re who should you talk to : If you dont need avdice go direct if you do then a firm like ours would be happy to advise you.
Just my thoughts
Andrew Walker answered 2 Years ago at 14:17, last modified: 2 Years ago at 13:17Posted on behalf of James C Brandon
JCBCapital.com, JCB Capital Performance - Personal Wealth Management, Asset Manager, Financial Planner, Wealth Adviser
Wall Street "Tsunami" caused by John Chambers (S&P) and company
only torpedoed global markets in the short-term with an "egregious opinion".
"By the morning of Aug. 5, rumors were rampant on Wall Street that the downgrade would come after the closing bell that day. Major stock indexes, which started higher on a better-than-expected jobs report that morning, were soon in negative territory, with the DJIA tumbling 240 points before rebounding to close modestly higher. The rumors turned out to be spot-on correct, as the downgrade was announced just after 8 p.m. ET. Now the Securities and Exchange Commission apparently wants to know where those rumors came from and how they spread." - CNN
Office of the Whistleblower - Authorized by Congress to provide monetary awards to eligible individuals - awards between 10% and 30% of the money collected.
(202) 551-4790 http://www.sec.gov/whistleblower
- U.S. Treasuries from AAA to AA+ - 2/3 of global reserves (IMF)
- Fannie Mae, Freddie Mac, the Federal Home Loan Banks - U.S.'s residential mortgage funding
- U.S.'s 4 Clearinghouses - processes all U.S. stock, bond and fund Exchange transactions
- 744 U.S. Federal, State and Agency bonds - U.S.'s structured finance transactions
- 11,500 U.S. Muni***l bonds - U.S. retiree's savings and pensions.
Consequences: Global markets lose nearly $9 trillion from $55 trillion (7/26) to $46t (8/10). In fear global money buys U.S. Treasuries (dismissing S&P's opinion): 2yr Treasuries trade 0.15% (8/9), 10yr trade 2.03% (8/9) and 30yr trade 3.45% (8/9). Long-term U.S. consumer borrowing rates to rise, pushing Americans toward recession, and prolonged U.S. unemployment.
Credit Rating Agency Reform Act of 2006 says that a credit rating agency can have its license revoked "if it leaked information about its pending downgrade decision before making that information publicly available". Senate Banking Committee to investigate "insider trading" and "violations of the law - " at S&P.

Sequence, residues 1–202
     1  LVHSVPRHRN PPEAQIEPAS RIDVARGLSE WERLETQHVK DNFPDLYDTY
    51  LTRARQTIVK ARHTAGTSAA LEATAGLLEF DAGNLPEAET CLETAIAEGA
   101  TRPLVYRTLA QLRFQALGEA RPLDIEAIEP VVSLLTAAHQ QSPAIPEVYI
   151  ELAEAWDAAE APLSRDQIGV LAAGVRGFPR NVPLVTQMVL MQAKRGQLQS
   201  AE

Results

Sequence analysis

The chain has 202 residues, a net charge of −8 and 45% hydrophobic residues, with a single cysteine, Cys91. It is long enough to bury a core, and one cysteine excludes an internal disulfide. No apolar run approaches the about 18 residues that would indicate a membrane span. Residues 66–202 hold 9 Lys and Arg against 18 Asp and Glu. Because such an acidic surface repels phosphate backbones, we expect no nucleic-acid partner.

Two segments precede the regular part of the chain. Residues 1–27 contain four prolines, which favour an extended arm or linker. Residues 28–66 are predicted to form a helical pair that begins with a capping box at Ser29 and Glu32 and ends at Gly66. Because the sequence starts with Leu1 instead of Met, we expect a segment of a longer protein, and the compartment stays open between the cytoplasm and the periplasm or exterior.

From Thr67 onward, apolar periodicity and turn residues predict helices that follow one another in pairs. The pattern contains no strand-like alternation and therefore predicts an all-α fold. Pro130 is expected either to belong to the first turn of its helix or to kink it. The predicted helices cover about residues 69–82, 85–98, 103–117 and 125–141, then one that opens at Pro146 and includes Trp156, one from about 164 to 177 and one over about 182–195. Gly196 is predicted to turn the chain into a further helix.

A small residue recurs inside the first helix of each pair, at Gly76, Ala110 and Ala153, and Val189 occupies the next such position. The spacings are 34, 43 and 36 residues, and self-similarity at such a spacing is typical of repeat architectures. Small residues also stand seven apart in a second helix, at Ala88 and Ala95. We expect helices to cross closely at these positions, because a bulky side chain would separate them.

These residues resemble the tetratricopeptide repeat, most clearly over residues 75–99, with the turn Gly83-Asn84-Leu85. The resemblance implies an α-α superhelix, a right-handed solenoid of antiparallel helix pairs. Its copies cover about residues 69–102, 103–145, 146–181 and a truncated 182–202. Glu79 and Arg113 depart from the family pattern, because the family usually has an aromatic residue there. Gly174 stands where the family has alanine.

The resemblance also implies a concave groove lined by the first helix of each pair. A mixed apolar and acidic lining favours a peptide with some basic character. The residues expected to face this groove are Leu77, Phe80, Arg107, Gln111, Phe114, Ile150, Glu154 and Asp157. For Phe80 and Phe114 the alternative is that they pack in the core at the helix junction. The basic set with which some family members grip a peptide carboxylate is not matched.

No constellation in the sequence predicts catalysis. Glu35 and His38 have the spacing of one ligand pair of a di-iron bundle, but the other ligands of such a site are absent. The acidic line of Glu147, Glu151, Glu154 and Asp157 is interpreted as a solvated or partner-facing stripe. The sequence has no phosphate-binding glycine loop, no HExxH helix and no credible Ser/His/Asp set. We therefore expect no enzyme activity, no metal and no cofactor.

Those who understand and work in financial markets have "totally dismissed S&P's analysis" and are questioning current U.S. laws that have provided this "abuse of moral authority". There is an "army of ignorants" voicing opinions they "regurgitate from watching TV and listening to Radio" - they have "no ability to provide any analysis of this egregious opinion by S&P on AUG 5".
Clarification added 8 days ago:
How is S&P's behavior any different from that of Lehman Brothers or AIG?
S&P discarded any semblance of "rationality" in opining that America is more likely to default than other sovereigns based on "politics" - S&P is not licensed as a "political activist" they are licensed to provide a financial opinion as to "default risk".
Not unlike Lehman Brothers and AIG that left investment banking and insurance (respectively) to "speculate on ever increasing prices of future U.S. real estate" - their malfeasance (greed of self-interest) caused global damage and the current U.S. recession.
To defend S&P is defend a miscreant that lights a fire under the chair of the person sitting in front of them in a movie theatre (because they are talking before the show) and subsequently burns down the theatre - "killing all the innocent attendants and their children."
How can "Ignorants" defend an action which costs 1) global markets to lose nearly $9 trillion, 2) has damaged U.S. sovereign debt, 3) has damaged U.S.'s residential mortgage funding, 4) has damaged U.S.'s clearinghouses which processes all U.S. stock, bond and fund Exchange transactions, 5) has damaged U.S.'s Federal, State and Agency structured finance transactions, and 6) has damaged U.S. retiree's savings and pensions for their retirement?
Which "Ignorants" want to step forward and defend an action which damages the long-term rates U.S. consumer will pay to borrow, pushing Americans toward recession, and prolonging U.S. unemployment?